Too much bed rest keeps ICU patients weak longer

Doctors should get past the belief that "really sick patients" with breathing tubes must remain sedated and in bed, researcher Eddy Fan says. "That is a myth. We need our patients awake and moving." (Credit: "hospital patient" via Shutterstock)

Prolonged bed rest in a hospital intensive care unit leaves many patients significantly weaker, causing lingering physical problems even two years after discharge, new research suggests.

For every day of bed rest in the ICU, muscle strength was between 3 and 11 percent lower over the following months and years, the study shows.


“Even a single day of bed rest in the ICU has a lasting impact on weakness, which impacts patients’ physical functioning and quality of life,” says Dale M. Needham, associate professor of medicine and of physical medicine and rehabilitation at Johns Hopkins University School of Medicine

“We previously thought that bed rest and sedation in an ICU were helpful for patients, but we’re finding this approach to care is actually harmful to the long-term recovery of many.”

For the study, published in Critical Care Medicine, researchers followed up on 222 patients discharged from 13 ICUs at four Baltimore hospitals. All patients spent time on a mechanical ventilator as part of successful treatment for acute lung injury, a syndrome marked by inflammation and excessive fluid in the lungs and frequently by multiple organ failure. The disorder is considered an archetype disease in studying patients with critical illness.

The patients underwent evaluation of muscle strength at hospital discharge and also three, six, 12, and 24 months later. More than one-third had muscle weakness at discharge; while many saw improvement over time, the group still suffered substantial impairments in physical function and quality of life at the follow-up visits.

Decrease in muscle size

The two variables most associated with a patient’s muscle weakness were age and the duration of bed rest in the ICU, a unit where patients are traditionally confined to bed because of deep sedation, breathing tubes, and life-sustaining machinery.

“Age is not a modifiable risk factor, but bed rest is,” Needham says. “We need to focus on changing bed rest to improve patients’ recovery.”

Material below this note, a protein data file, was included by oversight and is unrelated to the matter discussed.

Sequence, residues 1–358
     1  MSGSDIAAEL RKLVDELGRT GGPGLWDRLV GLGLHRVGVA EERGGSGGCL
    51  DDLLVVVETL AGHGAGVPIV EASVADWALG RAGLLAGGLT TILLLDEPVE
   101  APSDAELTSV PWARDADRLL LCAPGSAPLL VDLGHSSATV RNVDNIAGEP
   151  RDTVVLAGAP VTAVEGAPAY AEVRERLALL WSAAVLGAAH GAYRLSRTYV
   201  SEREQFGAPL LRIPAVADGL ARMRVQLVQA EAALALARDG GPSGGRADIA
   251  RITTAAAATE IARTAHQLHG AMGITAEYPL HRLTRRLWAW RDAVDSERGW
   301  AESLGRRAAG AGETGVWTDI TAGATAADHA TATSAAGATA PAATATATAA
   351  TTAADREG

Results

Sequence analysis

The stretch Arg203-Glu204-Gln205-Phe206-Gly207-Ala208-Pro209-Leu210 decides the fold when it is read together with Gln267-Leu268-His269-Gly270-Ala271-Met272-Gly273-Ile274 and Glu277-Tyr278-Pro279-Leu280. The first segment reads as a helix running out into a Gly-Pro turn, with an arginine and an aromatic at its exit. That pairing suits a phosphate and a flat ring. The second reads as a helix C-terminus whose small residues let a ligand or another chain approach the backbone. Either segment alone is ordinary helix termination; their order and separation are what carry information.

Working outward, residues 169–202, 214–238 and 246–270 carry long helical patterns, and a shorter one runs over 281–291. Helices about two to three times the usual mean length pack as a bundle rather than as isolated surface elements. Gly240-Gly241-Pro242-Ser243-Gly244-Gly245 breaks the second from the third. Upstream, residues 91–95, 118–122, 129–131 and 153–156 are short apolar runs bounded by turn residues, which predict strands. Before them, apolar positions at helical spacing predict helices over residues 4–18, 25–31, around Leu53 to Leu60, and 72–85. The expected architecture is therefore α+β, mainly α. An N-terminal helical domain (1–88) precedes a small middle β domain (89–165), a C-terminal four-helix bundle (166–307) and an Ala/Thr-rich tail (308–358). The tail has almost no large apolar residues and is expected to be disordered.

Previous research has shown that during the first three days a severely ill patient spends in the ICU, he or she can expect a 9 percent decrease in muscle size. The patients in the new study spent an average of two weeks in the ICU.

The key to improving long-term physical outcomes for survivors of critical illnesses may be in rethinking how patients are treated in the ICU, researchers say.

Awake and moving

“The standard of care for really sick patients has been keeping them sedated and in bed,” says Eddy Fan, a former Johns Hopkins physician now at the University of Toronto and the study’s first author. “Many doctors and nurses believe that when there’s a breathing tube in place, patients need deep sedation, not rehab. But that is a myth. We need our patients awake and moving.”

It’s important to keep ICU patients as active as possible, even severely ill patients who may only be able to sit up at the edge of the bed or have their arms and legs exercised by a physical or occupational therapist, Needham says.

ICU-based rehabilitation therapy is underutilized, he adds, despite growing evidence of its safety and benefits

“Nothing is free of risk in the ICU, but the harms of bed rest far exceed the potential harms of giving these patients rehabilitation delivered by a skilled clinical team—even when patients are very sick and on life support.

“We must stop making excuses about why a patient can’t do rehabilitation today—he has a CT scan or she’s getting dialysis,” Needham says. “We need to highly prioritize rehabilitation, which we now see as just as—if not more—important than many other tests and treatments we offer our patients in intensive care.”

The research was supported by the National Institutes of Health’s National Heart, Lung and Blood Institute, the Royal College of Physicians and Surgeons of Canada and the Canadian Institutes of Health Research.

Other researchers were based at Emory University School of Medicine and the University of Maryland School of Medicine.

Source: Johns Hopkins University